Fire Took 7 of Their Kids. Now a Family Grows Again
They're expecting their 5th child since the tragedy next month
By Elizabeth Armstrong Moore,  Newser Staff
Posted Mar 15, 2016 6:50 AM CDT
Neighbors stand outside of the fire-ravaged farmhouse of Theodore and Janelle Clouse on March 9, 2011, in Loysville, Pa. Seven Clouse children perished in the fast-moving fire.   (AP Photo/Carolyn Kaster)

(Newser) – The loss was so enormous, the tragedy so unthinkable, it made national news five years ago in March 2011. A family of 10—eight children and their parents—were reduced to three in one cruel night in rural Pennsylvania when a fire of still unknown origins swept through their 100-year-old farmhouse and claimed seven of the children's lives, reported PennLive in 2012. There were so many fundraisers that sponsors had to wait in line for space at local picnic grounds and fire halls, reports PennLive now. But as mother Janelle Clouse put it, the fire that nearly destroyed them didn't, and life went on, literally, with the birth of her son Gabriel just four months later. Then came Yvonne, who is now 3, then Gordon, who is 2, and Jedidiah, who is 10 months. Now Janelle is expecting a boy in April, which will bring the number of living children, including Leah, the only to survive the fire, to six, reports the AP.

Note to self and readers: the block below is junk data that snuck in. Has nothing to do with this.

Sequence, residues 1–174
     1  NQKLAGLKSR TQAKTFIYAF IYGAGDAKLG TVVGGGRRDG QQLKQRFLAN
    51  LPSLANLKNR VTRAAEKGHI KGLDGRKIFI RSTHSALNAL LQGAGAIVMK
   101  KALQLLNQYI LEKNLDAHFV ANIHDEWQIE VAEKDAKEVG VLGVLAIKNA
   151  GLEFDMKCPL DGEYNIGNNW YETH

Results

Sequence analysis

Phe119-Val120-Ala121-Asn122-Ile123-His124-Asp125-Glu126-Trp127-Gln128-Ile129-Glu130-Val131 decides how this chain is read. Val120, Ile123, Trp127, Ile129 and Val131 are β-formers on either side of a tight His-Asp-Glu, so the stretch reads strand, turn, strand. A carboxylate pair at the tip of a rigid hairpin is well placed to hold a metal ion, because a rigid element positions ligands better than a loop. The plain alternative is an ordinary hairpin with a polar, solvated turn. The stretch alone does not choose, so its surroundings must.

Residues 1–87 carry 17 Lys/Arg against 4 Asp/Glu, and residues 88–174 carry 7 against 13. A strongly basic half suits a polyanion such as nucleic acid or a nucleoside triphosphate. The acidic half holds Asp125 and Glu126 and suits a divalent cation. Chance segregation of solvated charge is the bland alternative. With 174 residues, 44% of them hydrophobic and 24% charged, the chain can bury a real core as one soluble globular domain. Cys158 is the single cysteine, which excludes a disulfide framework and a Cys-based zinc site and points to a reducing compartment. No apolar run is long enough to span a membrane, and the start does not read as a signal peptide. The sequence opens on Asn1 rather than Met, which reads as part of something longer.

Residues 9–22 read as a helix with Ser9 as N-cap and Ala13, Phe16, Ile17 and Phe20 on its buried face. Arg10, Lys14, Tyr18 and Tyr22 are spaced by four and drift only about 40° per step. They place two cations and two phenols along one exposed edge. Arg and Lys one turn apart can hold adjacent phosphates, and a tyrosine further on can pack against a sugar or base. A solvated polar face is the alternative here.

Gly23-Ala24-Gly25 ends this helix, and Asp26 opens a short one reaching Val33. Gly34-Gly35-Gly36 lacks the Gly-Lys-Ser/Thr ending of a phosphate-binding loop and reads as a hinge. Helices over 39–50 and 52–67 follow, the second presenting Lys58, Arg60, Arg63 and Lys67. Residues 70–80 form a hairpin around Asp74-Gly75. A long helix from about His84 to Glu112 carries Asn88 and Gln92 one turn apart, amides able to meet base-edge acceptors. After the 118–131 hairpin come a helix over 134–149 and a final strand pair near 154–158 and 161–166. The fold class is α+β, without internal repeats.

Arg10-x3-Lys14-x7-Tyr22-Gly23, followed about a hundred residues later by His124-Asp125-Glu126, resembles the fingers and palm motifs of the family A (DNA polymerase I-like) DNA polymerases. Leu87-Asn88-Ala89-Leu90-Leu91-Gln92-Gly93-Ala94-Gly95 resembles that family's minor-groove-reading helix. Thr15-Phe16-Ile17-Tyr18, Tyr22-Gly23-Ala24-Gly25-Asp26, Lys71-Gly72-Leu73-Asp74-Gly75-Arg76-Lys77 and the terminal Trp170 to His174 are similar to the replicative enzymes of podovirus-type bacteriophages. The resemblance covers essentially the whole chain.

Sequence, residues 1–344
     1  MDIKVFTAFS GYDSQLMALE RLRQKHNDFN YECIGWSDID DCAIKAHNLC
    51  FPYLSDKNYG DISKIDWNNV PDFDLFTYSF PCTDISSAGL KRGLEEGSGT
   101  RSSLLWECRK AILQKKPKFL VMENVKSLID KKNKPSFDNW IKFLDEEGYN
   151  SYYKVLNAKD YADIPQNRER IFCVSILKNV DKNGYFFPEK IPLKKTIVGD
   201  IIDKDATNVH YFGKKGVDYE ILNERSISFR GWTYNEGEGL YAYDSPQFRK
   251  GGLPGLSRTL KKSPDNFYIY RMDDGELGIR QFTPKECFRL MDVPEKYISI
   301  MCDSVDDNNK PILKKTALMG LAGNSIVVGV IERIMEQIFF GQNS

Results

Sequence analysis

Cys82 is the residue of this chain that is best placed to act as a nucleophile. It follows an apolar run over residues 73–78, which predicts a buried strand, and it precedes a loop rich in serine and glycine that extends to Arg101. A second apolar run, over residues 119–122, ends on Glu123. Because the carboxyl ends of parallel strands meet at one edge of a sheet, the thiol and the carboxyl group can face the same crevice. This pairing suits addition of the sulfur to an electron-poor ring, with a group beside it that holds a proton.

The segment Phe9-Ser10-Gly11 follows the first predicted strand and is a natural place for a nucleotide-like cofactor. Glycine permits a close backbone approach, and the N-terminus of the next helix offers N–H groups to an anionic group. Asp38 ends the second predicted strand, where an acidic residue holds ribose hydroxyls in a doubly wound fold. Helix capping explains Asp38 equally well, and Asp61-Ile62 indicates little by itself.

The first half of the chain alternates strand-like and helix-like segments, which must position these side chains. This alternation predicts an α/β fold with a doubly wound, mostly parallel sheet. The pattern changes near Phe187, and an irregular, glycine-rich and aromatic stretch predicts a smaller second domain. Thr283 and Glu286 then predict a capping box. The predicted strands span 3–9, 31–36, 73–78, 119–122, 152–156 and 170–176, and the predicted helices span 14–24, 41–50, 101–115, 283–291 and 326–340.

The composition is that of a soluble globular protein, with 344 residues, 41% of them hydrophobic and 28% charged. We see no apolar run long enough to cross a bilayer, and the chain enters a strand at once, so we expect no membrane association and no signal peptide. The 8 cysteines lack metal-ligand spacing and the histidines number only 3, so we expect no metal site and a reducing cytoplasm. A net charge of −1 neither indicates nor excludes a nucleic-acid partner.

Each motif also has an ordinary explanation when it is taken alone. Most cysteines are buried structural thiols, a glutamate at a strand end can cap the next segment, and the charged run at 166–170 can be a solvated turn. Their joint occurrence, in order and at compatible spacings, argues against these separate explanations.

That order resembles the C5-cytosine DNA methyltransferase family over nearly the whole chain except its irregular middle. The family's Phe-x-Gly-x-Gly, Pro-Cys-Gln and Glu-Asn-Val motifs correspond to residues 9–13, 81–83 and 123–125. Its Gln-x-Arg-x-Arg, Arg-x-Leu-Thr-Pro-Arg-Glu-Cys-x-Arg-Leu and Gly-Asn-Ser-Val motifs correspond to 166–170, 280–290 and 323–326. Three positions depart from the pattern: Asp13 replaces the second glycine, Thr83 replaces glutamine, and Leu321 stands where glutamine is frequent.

The family, always busy with chores on their dairy farm, was going about the usual routine that fateful March night when Leah, who was 3 at the time, found her mother tending to the cows in the barn and, visibly frightened, said, "Miranda is playing with smoke." The thinness of her voice, the light breaking through the darkness, and the scent of smoke on the wind had Janelle racing for the house. Six of the children were found upstairs, some huddled under beds, while baby Samantha was in her crib in the living room, just out of reach of Janelle, who will never forget watching, helpless, the fire take almost everything with it. (The children all died of smoke inhalation.) Today the Clouses say they're thankful for the many in their community and beyond—from as far as Hawaii and Australia—who sent cards, letters, and money, reports WGAL. They've kept every last one in their sturdy new brick house built across the street.
 

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